The Delaware Chancery Court determined that it was “reasonably conceivable” that Tesla, Inc.’s CEO and chairman, Elon Musk, was a controlling shareholder of the company for purposes of a motion to dismiss a shareholder complaint alleging improprieties over a deal in which Tesla acquired SolarCity Corporation. Tesla’s shareholders had pointed to Musk’s brusque management style and persistent efforts to complete the deal, to numerous interlocking directorships between Tesla and SolarCity, and to other alleged conflicts of interest among Tesla’s directors. In reaching his conclusion, the vice chancellor said entire fairness review applied and he declined to apply the Corwin cleansing test despite Tesla’s urgings (In Re: Tesla Motors, Inc. Stockholder Litigation, March 28, 2018, Slights, J.).
Tesla’s "Master plan, Part Deux" drives deal. The Tesla shareholders’ class action derivative suit alleged that the Tesla-SolarCity deal was a thinly disguised financial rescue undertaken on behalf of most of Tesla’s board and for those board members’ families and business partners. Due diligence had unearthed worries about SolarCity’s liquidity woes and its lack of access to debt and equity markets. The complaint highlighted just how bad the SolarCity deal appeared to be by noting that, at the time Musk was pressing Tesla’s board to approve an offer for SolarCity, Goldman Sachs & Co., the co-underwriter of a recent Tesla secondary stock offering, told the investing public that SolarCity was among the "worst positioned" (internal quotation omitted) companies to fuel growth in the solar sector.
Musk, arguing in support of an offer for SolarCity, referred to Tesla’s long-term strategy contained in its "Master Plan, Part Deux," which called for Tesla initially to sell pricey electric cars while persistently moving to a higher volume, more affordable electric car. This shift to a high production business model would be enhanced by the addition of more diversified solar assets, an enhancement that Musk suggested could not be achieved without the acquisition of SolarCity.
At the heart of the shareholders’ case, however, is the interconnectedness between Musk and other Tesla board members and SolarCity. Musk himself is both chairman and CEO of Tesla and serves as chairman of SolarCity. Musk’s brother, Kimbal Musk, is a Tesla director. Musk and his cousins Peter and Lyndon Rive founded SolarCity. Moreover, three of seven Tesla directors invested in Tesla and/or SolarCity via their venture capital firms (including a SolarCity director who once was an observer on Tesla’s board); one director’s online map company received millions in fees from Tesla; two directors were declared not to be independent in proxies and other SEC filings; Musk gave Tesla cars representing Tesla milestones to at least one director; and Musk invested in funds run by some of Tesla’s directors. Musk is the largest shareholder of Tesla and SolarCity with 22.1 and 21.9 percent of these company’s shares, respectively.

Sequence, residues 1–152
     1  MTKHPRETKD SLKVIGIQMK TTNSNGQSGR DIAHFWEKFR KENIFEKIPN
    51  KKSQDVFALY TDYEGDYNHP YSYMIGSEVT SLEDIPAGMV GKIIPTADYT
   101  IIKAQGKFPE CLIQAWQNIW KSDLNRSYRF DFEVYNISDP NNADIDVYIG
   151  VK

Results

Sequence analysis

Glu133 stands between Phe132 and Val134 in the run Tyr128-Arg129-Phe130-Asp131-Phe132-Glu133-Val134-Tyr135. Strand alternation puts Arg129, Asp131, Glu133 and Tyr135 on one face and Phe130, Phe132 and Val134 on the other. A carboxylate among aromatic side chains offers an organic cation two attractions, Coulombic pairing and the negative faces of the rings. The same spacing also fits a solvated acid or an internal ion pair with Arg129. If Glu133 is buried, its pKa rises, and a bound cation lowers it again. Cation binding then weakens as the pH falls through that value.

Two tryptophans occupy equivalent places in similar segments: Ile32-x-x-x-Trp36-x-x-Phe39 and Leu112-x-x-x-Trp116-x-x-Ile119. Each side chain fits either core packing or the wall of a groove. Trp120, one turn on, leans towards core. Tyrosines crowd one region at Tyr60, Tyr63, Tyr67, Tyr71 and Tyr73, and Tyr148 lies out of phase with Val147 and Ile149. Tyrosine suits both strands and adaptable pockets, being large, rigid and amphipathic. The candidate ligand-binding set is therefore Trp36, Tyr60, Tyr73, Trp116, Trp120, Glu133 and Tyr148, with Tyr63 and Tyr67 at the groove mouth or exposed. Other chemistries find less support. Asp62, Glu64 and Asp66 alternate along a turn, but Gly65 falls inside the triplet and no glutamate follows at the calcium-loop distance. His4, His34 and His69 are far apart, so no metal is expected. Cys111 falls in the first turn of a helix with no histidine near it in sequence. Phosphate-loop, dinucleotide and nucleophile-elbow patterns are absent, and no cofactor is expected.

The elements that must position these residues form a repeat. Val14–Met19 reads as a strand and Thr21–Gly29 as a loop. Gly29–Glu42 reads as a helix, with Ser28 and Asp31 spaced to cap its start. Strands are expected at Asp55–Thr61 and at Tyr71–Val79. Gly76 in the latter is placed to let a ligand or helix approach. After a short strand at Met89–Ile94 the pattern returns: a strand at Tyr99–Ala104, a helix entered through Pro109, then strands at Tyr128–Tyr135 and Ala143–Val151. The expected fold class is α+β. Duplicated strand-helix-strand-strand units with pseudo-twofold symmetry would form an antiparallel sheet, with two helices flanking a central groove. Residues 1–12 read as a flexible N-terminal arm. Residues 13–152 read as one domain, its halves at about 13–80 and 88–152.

Significantly, Musk and two other directors, including Tesla’s lead independent director, were excluded from the shareholder vote on the SolarCity acquisition (the vice chancellor noted that Tesla did not have to put the deal to a shareholder vote). But Tesla’s four other directors along with Tesla executives and other Tesla shareholders who also owned SolarCity shares were allowed to vote. According to numbers cited by the complaint, 58.27 percent of Tesla’s shareholders approved the deal (118,044,090 outstanding shares, minus shares of excluded shareholders, with 68,788,787 voting to approve). When the acquisition was announced, the exchange ratio was set at 0.110 shares (it was an all-stock deal), which was somewhat below the earlier predicted range, such that SolarCity was valued at $25.37 per share or $2.6 billion. The deal closed in November 2016.
Musk a controller at pleading stage. Tesla urged the vice chancellor to apply the Delaware Supreme Court’s Corwin cleanse to the Tesla shareholder vote on the acquisition of SolarCity. In Corwin, the state’s justices said the deferential business judgment rule, rather than entire fairness review, applies where a deal was approved by a company’s fully informed, uncoerced majority of disinterested shareholders. But Tesla’s shareholders said Corwin was inapt because Musk acted as a controlling shareholder.